What is Caucus?
White people and people of color each have work to do separately and together. Caucuses provide spaces for people to work within their own racial/ethnic groups. For white people, a caucus provides time and space to work explicitly and intentionally on understanding white culture and white privilege and to increase one’s critical analysis around these concepts. A white caucus also puts the onus on white people to teach each other about these ideas, rather than constantly relying on people of color to teach them. For people of color, a caucus is a place to work with their peers on their experiences of internalized racism, for healing and to work on liberation.
White people are often uncomfortable with the idea of white caucuses as part of racial equity work. A typical comment is “if we are working on racism, isn’t it better for us to learn together?” It does feel awkward to separate by race. Yet such separation occurs all the time in real life, and many times that reality is not understood or interrogated as it is when participating in a caucus. Since white people often find learning about whiteness and white privilege a steep learning curve, taking advantage of caucus time to do this work can be extremely useful.
Groups that use caucuses in their racial equity work generally meet separately and then come back together for collective work. Accountability is a key principle of this work.
The caucus typically meets on the first and third Tuesday of each month at 12pm, in the Whitted Board of Health Room. In order to increase participation we’re looking at creating flexibility into this schedule. So, during our current open enrollment period in which new members can join caucus, we invite you to join us at Whitted or if you cannot travel, let us know so we can set up a Skype option.
New members of caucus will need to have completed the Racial Equity Phase I, Latinx Challenge, or a training facilitated by Open Source to ensure that we all have a common language to use in our conversations.
If you have any questions or would like to talk more about what it looks and feels like to participate in caucusing, please feel free to reach out to any member of the caucus that you feel comfortable with.
Dr. Stephanie George
It's when we care for each other - choosing inclusion and love over division and hatred - that this great country is at its greatest.
It’s all about the podcast these days, friends. What’s your favorite one? This month, we’re sharing our favorite podcasts that go at issues of race (and culture, movies, current events, art, etc.). Give them a listen and send us an email to let us know what you think (we’ll share responses in the next newsletter!). Here’s the rundown:
Code Switch: npr.org/podcasts/510312/codeswitch
Ever find yourself in a conversation about race and identity where you just get…stuck? Code Switch can help. We’re all journalists of color, and this isn’t just the work we do. It’s the lives we lead. Sometimes, we’ll make you laugh. Other times, you’ll get uncomfortable. But we’ll always be unflinchingly honest and empathetic. Come mix it up with us.
Pod Save the People: crooked.com/podcast-series/pod-save-the-people/
Organizer and activist DeRay Mckesson explores news, culture, social justice, and politics through deep conversations with influencers and experts, and the weekly news with fellow activists Brittany Packnett and Sam Sinyangwe, and writer Clint Smith. Each week brings a news analysis, followed by deep conversations about social, political and cultural issues with experts, influencers, and diverse local and national leaders.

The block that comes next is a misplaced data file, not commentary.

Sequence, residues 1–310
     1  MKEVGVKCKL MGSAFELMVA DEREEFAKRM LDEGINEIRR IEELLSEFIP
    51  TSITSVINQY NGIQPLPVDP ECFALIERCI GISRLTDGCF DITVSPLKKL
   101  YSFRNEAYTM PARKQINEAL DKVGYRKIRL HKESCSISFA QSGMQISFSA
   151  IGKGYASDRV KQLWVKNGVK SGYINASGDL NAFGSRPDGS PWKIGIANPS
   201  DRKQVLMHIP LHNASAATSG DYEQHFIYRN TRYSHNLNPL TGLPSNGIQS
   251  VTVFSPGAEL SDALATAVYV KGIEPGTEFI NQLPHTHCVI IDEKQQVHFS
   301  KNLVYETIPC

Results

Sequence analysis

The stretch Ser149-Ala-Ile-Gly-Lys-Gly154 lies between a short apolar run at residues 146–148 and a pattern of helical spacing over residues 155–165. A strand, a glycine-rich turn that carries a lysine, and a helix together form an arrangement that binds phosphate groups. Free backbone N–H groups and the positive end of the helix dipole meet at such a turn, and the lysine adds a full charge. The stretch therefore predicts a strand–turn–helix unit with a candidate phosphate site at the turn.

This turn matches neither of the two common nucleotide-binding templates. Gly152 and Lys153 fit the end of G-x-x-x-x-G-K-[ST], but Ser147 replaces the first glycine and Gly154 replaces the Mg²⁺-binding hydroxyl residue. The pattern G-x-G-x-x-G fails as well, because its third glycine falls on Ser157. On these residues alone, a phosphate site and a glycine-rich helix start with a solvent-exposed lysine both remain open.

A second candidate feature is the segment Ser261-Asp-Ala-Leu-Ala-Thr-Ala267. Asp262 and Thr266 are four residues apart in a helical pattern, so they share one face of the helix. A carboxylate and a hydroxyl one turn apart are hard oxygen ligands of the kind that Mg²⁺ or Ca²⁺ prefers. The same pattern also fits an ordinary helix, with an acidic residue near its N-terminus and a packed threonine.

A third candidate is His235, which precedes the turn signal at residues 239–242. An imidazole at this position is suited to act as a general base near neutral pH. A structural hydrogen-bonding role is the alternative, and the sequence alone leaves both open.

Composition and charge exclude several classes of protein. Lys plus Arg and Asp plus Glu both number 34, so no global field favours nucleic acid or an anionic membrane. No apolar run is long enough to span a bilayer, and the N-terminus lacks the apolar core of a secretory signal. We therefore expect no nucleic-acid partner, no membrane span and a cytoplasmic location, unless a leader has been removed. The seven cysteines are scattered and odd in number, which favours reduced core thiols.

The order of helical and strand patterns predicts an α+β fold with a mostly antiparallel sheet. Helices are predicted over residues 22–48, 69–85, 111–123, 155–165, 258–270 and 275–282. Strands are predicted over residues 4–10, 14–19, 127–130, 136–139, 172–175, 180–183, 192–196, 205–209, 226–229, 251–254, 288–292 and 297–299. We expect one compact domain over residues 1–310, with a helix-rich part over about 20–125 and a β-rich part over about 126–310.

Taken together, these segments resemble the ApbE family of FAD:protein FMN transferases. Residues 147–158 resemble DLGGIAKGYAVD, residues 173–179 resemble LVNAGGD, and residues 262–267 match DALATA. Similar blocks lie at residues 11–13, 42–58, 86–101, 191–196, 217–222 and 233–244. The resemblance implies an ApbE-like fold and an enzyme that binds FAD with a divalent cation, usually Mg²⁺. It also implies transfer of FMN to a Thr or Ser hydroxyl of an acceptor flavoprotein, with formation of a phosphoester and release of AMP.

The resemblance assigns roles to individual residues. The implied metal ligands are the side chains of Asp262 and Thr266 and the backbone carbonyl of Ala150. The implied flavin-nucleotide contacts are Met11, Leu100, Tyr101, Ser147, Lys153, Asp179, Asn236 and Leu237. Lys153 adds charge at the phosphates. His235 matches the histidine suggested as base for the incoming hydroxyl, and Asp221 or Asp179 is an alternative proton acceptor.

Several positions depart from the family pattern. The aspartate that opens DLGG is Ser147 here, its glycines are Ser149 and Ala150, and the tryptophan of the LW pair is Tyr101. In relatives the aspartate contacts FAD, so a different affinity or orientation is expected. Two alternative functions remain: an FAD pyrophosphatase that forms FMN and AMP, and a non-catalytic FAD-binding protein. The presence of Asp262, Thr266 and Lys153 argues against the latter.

Seeing White: sceneonradio.org/seeing-white/
Just what is going on with white people? Police shootings of unarmed African Americans. Acts of domestic terrorism by white supremacists. The renewed embrace of raw, undisguised white-identity politics. Unending racial inequity in schools, housing, criminal justice, and hiring. Some of this feels new, but in truth it’s an old story.
Why? Where did the notion of “whiteness” come from? What does it mean? What is whiteness for?
Scene on Radio host and producer John Biewen took a deep dive into these questions, along with an array of leading scholars and regular guest Dr. Chenjerai Kumanyika.
Show About Race: showaboutrace.com/
Co-discussants Anna Holmes, Baratunde Thurston, Raquel Cepeda and Tanner Colby host a lively multiracial, interracial conversation about the ways we can’t talk, don’t talk, would rather not talk, but intermittently, fitfully, embarrassingly do talk about culture, identity, politics, power, and privilege in our pre-post-yet-still-very-racial America. This show is "About Race."
Still Processing: .nytimes.com/column/still-processing-podcast
Step inside the confession booth of Wesley Morris and Jenna Wortham, two culture writers for The New York Times. They devour TV, movies, art, music and the internet to find the things that move them — to tears, awe and anger. Still Processing is where they try to understand the pleasures and pathologies of America in 2019.
Sooo Many White Guys: wnycstudios.org/shows/whiteguys
Intimate, funny conversations with all kinds of artists who (mostly) aren’t white dudes. Hosted by Phoebe Robinson.
Email REC at email@example.com or firstname.lastname@example.org
REC encourages all staff to attend REI trainings (REI Phase l & ll, Latinx Challenge Workshops, Groundwaters, etc.) more than once in order to begin to form a common language and analysis lens among us all. Once trained, we encourage staff participation in the joint and affinity caucusing groups. For more training opportunities please visit https://www.oaralliance.org/ and https://www.racialequityinstitute.org/.